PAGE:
Lynco, W.Va. is a mystery to me. Wyoming Mining Corporation opened the Lynco mine in 1940. Apparently they built a coal company town there, but I have never seen a photo of it, and nothing remains today of it.

Even old maps, such as this USGS topo map dated 1968 don't actually show the town. The red arrow points to an area which may have been a remnant of the Lynco coal camp. So, if the town was built around 1940 and removed by 1968, it barely lasted 25 years. Consol purchased the mine in 1963, and it's likely at that time that the houses (and maybe store) were removed).

But we do know for a fact that a company town existed at Lynco, because a April 1947 article in the Raleigh Register newspaper stated, "Future plans include , the building of some 100 company houses. Minns said that In the 'old days' an operation of this size would necessitate the building of some 400 houses near the mine site. He explained that transportation to and from the mines is much better in the present day, with many miners preferring to live on their own tracts of land, to living in a company-owned house. Building was held up during the recent war years, but several foundations have been laid and more houses will be added to the 34 now standing near the tipple. The mining town also has an up-to-date store. Right now, connection with the building program, carpenters are building wing on the company store to house engineering offices and warehouse. The top of the new wing will be converted into apartments..."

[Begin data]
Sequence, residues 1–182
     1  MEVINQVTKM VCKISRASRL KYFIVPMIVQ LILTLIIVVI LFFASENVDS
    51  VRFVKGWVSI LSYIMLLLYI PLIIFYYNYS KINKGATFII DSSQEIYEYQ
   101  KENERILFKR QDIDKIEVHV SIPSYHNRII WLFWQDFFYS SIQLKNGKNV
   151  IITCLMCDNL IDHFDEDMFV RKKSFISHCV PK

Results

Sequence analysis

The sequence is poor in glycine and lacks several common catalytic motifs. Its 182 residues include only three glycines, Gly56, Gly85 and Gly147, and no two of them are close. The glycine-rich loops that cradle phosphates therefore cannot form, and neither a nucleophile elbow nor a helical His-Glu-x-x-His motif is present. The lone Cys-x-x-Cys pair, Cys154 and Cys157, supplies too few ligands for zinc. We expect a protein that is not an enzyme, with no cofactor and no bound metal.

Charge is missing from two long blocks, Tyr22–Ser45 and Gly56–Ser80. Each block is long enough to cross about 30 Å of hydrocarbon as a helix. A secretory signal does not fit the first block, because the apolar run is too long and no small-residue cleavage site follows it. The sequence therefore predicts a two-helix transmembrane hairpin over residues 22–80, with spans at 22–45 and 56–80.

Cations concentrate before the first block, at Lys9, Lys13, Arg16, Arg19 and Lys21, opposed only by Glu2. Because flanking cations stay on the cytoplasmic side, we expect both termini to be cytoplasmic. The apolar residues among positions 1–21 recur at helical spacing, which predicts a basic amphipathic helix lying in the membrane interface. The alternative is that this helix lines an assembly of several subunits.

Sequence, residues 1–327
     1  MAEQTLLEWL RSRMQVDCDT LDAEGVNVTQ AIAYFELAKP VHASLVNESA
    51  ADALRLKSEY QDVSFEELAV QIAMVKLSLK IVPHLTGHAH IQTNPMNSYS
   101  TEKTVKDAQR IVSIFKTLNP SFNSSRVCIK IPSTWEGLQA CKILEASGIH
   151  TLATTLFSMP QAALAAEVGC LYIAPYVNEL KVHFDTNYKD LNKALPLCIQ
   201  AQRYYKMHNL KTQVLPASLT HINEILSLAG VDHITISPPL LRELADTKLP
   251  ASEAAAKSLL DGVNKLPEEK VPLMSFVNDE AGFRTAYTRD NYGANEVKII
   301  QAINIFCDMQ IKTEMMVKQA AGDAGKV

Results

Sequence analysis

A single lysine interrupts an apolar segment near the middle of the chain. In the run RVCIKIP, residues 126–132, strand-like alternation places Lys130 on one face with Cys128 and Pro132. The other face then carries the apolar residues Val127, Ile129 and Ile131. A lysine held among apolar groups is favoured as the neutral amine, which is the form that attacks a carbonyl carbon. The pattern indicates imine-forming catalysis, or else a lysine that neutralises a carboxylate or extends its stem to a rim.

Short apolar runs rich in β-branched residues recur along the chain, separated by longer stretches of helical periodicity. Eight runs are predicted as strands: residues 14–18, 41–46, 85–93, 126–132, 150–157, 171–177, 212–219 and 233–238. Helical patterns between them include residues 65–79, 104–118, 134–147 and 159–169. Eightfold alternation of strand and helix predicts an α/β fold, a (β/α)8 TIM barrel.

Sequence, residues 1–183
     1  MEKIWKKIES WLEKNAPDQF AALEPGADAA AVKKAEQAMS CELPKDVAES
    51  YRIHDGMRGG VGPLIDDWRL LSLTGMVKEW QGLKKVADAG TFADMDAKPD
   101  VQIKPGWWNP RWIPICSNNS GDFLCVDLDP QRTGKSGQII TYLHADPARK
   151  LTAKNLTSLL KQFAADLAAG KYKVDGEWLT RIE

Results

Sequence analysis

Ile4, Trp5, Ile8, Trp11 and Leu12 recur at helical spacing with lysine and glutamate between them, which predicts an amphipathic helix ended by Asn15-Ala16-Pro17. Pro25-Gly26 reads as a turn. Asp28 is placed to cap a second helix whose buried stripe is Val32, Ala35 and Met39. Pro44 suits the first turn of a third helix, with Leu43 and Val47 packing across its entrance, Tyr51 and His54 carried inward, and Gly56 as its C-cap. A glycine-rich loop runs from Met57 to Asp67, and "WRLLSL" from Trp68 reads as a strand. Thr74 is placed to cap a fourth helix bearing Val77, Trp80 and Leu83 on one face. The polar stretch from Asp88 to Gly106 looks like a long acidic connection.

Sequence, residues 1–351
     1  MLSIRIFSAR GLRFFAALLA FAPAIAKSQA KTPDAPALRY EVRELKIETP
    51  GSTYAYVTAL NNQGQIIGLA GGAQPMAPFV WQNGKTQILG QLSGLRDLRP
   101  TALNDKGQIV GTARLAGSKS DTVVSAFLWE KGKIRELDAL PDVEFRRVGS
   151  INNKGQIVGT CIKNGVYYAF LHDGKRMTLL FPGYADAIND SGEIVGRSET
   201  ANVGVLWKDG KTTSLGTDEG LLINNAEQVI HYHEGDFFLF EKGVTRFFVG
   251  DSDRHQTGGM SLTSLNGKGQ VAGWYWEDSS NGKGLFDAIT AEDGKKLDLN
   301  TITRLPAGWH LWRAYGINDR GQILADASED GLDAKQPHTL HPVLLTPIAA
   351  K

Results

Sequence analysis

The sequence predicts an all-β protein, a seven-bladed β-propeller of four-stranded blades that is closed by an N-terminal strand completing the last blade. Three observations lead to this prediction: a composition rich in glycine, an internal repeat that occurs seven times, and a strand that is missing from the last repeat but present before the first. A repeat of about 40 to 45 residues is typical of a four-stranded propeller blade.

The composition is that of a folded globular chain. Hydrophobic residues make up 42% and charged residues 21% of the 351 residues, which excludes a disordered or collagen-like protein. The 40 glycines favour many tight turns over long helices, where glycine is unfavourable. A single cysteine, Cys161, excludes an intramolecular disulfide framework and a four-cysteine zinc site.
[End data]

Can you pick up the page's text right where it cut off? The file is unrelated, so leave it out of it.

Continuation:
Aaron contributes this picture of a partially covered mine portal at Lynco, WV. He writes, "The property was last mined in the 80s by Big Bear Mining, but lots of other names have been associated with the it, such as Crozer Coal, Pocahontas Fuel, Consol, Island Creek, etc. According to the site caretaker there once was a town, company store and prep plant up the hollow and some violence related to strikes in the Ď80s. All thatís there now is the face up in the picture I took (Lynco No. 2, Campbells Creek Seam), some conveyor structure, and a couple coal buggies pushed over the hill." (Image courtesy of Aaron Walker)

Mike sent in this photo of the Lynco tipple. He said, "My father was Superintendent of Lynco from 1951 to the early 70ís. I was brought up in the Superintendent's house. In fact, my first home when they brought me from the hospital was one of the apartments over the company store." (Image courtesy of Mike Cook)

Mike also gave us this photo of the superintendent's house at Lynco. He wrote, "About all of the company houses were torn down above the company store in the 60ís. What remained were most of the houses below the company store which the bosses lived in. I have attached a picture of the house where we lived, the Superintendent's house. It was the only 2 story house in the coal camp. It was originally Crozier Coal & Land Company when my dad started there in 1951. It was sold to Pocahontas Fuel Company in the early to mid 60ís. Before the sale, Crozier Coal required that the superintendent live on company property. When Pocahontas Fuel bought the mines, that is when we moved to just outside of Oceana." (Image courtesy of Mike Cook)

Before the last remaining mine structures and slate dumps were relcaimed around 2011, the WVDEP AML Program documented the site with these photos: